"Do you mean to say," said the planter, "that there is a State called Wisconsin that has sent thirty thousand men into your armies?"
Mr. Lincoln writes to his wife from Exeter, N.H., March 4, 1860, as follows:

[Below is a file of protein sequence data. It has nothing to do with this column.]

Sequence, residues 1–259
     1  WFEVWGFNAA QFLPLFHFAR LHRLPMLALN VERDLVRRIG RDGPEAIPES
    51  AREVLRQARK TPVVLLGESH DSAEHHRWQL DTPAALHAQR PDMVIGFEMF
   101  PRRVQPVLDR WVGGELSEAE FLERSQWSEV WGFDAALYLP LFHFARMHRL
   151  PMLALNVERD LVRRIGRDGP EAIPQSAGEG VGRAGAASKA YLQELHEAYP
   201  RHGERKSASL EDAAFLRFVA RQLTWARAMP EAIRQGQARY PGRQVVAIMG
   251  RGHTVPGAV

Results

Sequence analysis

I asked Hewitt whether he had seen Lincoln after this matter of the mortar-beds. "Yes," said Hewitt, "I saw him a year later and Lincoln's action was characteristic. I was in Washington and thought it was proper to call and pay my respects. I was told on reaching the White House that it was late in the day and that the waiting-room was very full and that I probably should not be reached. 'Well,' I said, 'in that case, I will simply ask you to take in my card.' No sooner had the card been delivered than the door of the study opened and Lincoln appeared reaching out both hands. 'Where is Mr. Hewitt?' he said; 'I want to see, I want to thank, the man who does things.' I sat with him for a time, a little nervous in connection with the number of people who were waiting outside, but Lincoln would not let me go. Finally he asked, 'What are you in Washington for?' 'Well, Mr. Lincoln,' said I, 'I have some business here. I want to get paid for those mortar-beds.' 'What?' said Lincoln, 'you have not yet got what the nation owes you? That is disgraceful.' He rang the bell violently and sent an aid for Secretary Stanton and when the Secretary appeared, he was questioned rather sharply. 'How about Mr. Hewitt's bill against the War Department? Why does he have to wait for his money?' 'Well, Mr. Lincoln,' said Stanton, 'the order for those mortar-beds was given rather irregularly. It never passed through the War Department and consequently the account when rendered could not receive the approval of any ordnance officer, and until so approved could not be paid by the Treasury.' 'If,' said Lincoln, 'I should write on that account an order to have it paid, do you suppose the Secretary of the Treasury would pay it?' 'I suppose that he would,' said Stanton. The account was sent for and Lincoln wrote at the bottom: 'Pay this bill now. A. Lincoln.' 'Now, Mr. Stanton,' said Lincoln, 'Mr. Hewitt has been very badly treated in this matter and I want you to take a little pains to see that he gets his money. I am going to ask you to go over to the Treasury with Mr. Hewitt and to get the proper signatures on this account so that Mr. Hewitt can carry a draft with him back to New York.' Stanton, rather reluctantly, accepted the instruction and," said Hewitt, "he walked with me through the various departments of the Treasury until the final signature had been placed on the bill and I was able to exchange this for a Treasury warrant. I should," said Hewitt, "have been much pleased to retain the bill with that signature of Lincoln beneath the words, 'Pay this now.'